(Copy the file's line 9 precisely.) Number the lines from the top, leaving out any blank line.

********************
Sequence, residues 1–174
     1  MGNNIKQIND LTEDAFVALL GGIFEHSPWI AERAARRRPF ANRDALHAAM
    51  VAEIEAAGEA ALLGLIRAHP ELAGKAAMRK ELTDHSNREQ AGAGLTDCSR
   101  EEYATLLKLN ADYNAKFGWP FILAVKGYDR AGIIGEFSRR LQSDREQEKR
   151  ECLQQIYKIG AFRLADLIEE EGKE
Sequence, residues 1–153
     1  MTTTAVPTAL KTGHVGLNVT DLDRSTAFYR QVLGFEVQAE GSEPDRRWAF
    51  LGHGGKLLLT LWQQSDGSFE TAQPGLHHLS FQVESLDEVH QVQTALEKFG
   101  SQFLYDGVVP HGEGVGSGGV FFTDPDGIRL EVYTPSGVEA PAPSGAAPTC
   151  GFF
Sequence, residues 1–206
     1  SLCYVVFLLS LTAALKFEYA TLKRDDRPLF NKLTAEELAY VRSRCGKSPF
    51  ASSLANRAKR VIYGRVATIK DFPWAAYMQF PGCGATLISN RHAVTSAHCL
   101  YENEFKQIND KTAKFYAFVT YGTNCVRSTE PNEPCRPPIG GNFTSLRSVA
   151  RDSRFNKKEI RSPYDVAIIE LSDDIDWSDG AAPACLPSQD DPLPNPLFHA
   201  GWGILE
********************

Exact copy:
   101  SQFLYDGVVP HGEGVGSGGV FFTDPDGIRL EVYTPSGVEA PAPSGAAPTC